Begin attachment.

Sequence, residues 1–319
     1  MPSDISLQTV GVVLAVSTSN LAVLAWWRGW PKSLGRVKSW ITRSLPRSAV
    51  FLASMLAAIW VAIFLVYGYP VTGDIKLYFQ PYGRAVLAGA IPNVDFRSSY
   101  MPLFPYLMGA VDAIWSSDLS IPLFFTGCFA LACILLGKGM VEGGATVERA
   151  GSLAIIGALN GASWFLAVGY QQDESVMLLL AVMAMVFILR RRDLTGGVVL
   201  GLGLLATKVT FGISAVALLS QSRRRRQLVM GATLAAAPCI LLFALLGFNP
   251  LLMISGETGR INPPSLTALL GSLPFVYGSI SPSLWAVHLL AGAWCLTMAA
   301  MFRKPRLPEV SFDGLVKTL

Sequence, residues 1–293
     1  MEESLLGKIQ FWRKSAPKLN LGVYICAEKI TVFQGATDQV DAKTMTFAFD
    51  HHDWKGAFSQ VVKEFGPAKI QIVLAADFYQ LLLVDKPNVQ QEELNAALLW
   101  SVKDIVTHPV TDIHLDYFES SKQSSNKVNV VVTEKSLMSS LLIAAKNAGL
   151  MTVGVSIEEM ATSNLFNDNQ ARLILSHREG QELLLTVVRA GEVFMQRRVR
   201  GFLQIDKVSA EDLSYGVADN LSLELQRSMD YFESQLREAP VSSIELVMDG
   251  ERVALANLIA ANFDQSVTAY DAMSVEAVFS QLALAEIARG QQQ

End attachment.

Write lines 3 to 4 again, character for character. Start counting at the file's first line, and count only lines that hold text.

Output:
    51  FLASMLAAIW VAIFLVYGYP VTGDIKLYFQ PYGRAVLAGA IPNVDFRSSY
   101  MPLFPYLMGA VDAIWSSDLS IPLFFTGCFA LACILLGKGM VEGGATVERA